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Question DetailsAsked on 5/8/2012

Getting ready to start major renovation: fireplace,built-ins,kitchen, flooring,move walls,etc. Need help with all aspects. Where to start

I want to plan this renovation right. I want someone to help me with the design/layout and architectural aspects of the renovation. Then be able to manage and execute all aspects of the renovation. I have an idea for the plan and would like to execute on it over the next 5 years. Amoung the things I would like to do:
Open up kitchen into Family Room (includes opening up load bearing wall)
Re-do kitchen,
Lay Travertine throughout the home
redo fireplace, mantle and built-ins along wall shared with fireplace
install patio/deck
install pool
install screen enclosure for patio/deck/pool

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3 Answers

0
Votes

Here's a link to some helpful information

Ryan

Source: http://www.arxengineering.com/start-y...

Answered 8 years ago by arxengineering

2
Votes

If you are moving walls and changing layouts the first step is to get an architect and/or engineer involved in the planning & design. Some contractors can provide these design services but make sure they have the credentials to do this type of work. They'll also be able to help you plan in what order the projects need to happen. Once the plans and specifications are complete you can have contractors bid on certain aspects of the job if you want to divide it or the job in its entirety. Don't skip the planning phase. It's separate work and expect to pay separately for it but it is necessary to make sure all parties are on the same page.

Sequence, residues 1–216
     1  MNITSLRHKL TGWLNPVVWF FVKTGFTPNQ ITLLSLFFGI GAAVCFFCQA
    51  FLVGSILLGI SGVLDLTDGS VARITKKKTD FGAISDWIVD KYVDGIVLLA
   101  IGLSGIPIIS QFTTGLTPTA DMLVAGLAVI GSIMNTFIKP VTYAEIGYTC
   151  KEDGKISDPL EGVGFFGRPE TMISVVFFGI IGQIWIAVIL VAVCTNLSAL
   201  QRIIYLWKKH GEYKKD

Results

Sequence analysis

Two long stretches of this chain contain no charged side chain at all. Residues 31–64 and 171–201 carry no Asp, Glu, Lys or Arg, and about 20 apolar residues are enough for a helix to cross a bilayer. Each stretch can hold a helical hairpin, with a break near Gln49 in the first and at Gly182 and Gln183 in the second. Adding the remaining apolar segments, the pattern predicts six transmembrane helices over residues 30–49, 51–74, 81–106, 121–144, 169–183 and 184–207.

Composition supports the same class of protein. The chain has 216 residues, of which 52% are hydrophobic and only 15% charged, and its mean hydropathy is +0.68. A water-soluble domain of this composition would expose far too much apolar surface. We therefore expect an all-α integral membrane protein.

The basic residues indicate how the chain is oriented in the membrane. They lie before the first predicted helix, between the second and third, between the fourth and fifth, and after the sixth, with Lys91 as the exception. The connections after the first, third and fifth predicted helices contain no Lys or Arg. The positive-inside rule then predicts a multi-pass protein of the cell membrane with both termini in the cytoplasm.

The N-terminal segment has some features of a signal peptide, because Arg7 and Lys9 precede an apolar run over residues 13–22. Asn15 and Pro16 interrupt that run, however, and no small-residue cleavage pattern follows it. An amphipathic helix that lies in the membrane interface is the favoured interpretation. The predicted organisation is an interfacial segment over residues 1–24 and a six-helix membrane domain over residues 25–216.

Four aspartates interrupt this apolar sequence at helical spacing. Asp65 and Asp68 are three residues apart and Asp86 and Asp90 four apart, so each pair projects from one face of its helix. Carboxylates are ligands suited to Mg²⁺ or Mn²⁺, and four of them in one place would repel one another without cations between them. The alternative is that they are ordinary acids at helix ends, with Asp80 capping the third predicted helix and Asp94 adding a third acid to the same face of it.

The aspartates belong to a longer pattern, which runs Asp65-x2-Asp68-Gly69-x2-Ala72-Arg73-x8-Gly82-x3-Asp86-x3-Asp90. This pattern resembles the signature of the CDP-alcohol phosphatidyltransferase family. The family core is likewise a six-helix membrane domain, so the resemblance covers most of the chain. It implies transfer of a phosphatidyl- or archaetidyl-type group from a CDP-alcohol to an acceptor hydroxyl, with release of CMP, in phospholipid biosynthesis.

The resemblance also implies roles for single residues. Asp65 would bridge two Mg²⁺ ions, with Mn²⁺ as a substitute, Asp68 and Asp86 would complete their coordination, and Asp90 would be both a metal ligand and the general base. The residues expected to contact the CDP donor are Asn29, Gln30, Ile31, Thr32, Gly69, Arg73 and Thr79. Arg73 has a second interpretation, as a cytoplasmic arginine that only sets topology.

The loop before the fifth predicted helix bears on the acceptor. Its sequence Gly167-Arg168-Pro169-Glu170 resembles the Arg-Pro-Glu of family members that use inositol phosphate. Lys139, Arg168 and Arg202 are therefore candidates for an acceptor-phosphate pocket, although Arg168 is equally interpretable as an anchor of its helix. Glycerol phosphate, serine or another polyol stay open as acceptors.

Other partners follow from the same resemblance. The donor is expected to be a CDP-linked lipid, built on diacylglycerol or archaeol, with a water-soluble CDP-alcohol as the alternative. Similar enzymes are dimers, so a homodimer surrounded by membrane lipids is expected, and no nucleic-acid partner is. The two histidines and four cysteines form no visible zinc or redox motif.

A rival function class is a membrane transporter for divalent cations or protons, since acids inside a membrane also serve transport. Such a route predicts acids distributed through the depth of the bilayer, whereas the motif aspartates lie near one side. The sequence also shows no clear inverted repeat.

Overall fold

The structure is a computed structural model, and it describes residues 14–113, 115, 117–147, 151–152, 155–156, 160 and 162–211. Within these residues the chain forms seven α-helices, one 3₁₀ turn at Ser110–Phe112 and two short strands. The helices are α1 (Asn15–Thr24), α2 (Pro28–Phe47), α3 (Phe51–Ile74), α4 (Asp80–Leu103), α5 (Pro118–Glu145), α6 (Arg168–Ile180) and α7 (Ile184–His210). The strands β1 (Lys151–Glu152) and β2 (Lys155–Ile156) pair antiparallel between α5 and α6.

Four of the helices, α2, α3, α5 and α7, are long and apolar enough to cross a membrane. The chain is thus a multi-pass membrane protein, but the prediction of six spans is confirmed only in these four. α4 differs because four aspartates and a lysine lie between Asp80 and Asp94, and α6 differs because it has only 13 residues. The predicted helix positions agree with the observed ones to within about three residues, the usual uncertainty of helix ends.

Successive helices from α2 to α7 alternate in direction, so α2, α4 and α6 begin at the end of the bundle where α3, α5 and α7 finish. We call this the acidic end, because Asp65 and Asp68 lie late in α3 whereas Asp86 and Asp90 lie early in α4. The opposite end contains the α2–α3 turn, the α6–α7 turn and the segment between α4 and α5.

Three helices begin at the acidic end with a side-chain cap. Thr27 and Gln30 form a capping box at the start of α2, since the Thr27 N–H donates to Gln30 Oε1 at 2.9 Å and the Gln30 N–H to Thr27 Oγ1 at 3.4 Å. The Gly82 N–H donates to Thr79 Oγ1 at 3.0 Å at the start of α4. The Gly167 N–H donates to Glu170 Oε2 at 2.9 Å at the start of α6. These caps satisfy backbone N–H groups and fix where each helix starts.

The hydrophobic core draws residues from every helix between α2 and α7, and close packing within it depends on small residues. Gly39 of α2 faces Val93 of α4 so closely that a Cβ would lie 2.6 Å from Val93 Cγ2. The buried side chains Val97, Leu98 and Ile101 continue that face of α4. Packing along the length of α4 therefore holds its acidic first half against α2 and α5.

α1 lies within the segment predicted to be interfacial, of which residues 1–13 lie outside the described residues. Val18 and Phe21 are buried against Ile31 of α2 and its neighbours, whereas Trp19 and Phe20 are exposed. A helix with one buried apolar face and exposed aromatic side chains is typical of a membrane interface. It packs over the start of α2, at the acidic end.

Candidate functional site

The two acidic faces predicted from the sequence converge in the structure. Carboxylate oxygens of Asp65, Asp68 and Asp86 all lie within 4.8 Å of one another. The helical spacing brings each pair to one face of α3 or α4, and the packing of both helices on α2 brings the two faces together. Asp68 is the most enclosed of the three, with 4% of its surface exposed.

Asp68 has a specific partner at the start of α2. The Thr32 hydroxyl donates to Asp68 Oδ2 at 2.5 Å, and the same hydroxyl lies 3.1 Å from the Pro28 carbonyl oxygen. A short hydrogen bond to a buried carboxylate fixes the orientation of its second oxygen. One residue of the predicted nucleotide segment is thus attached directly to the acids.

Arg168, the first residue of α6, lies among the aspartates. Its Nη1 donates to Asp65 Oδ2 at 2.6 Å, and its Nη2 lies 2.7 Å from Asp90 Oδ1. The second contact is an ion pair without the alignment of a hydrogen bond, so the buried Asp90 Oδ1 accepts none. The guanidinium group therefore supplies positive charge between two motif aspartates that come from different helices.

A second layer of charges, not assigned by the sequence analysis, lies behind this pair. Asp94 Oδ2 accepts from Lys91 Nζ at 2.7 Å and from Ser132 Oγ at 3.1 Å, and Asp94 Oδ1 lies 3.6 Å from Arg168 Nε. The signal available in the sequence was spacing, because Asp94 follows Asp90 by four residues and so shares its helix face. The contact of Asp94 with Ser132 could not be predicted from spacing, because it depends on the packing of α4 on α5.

Todd Shell
Todd's Home Services
San Antonio, TX

Answered 8 years ago by Todd's Home Services

1
Vote

Todd gave you a great response, and I'll add some comments to his advice:

Since you are planning on a 5-year plan, this will require some serious planning and phasing work. Otherwise you will find yourself removing "finished" work to do the next phase, etc.

You already said it yourself; you need help with the architectural aspects; so go get an architect. A good architect will save you money over the life of your project by doing the programming, schedule and making recommendations on design and materials will save you money in the long run.

Typically what you would do is discuss what you want the final outcome to be an why: you have an idea of what work you want done, but an architect may be able to show you an alternative way to get what you want done that is cheaper, fits the architectural better, or can be done sooner. It is not uncommon after programming a project for our firm to help the client actually purchase a new property cheaper than completing re-working their existing, as one example. It is also not uncommon for us to show how merely changing a room's name / use, solves a lot of renovation work, etc. (IE "I never thought instead of building an addition to use my unused dinning room as my office where it could have a separate entrance for clients. . .")

After your needs and wants are established, a schematic design will be developed showing you a possible final outcome. From there a design development will begin where the design is better vetted and phase work can begin to be discussed. As one example, having an electrician come out multiple times on a project is expensive, but having him place the future junction boxes, switches, etc. in one trip / invoice will make it a much cheaper project at the end.

So working backwards from the final design, the project can be split into phases so you can budget the entire project and bid the project in pieces or in total. Also keep in mind permits. A 5-year time line means you may be pulling multiple, repeat permits. So an architect will work hard to prevent these extra fees by trying to get permitted work combined and completed at one time, not every few months over a 5-year period, etc.

So put a good team together; find an architect you can work with and have them help you find a good contractor to get you through this process.

Good luck with your project!

Source: http://www.herlonginc.com

Answered 8 years ago by Kenny Johnson




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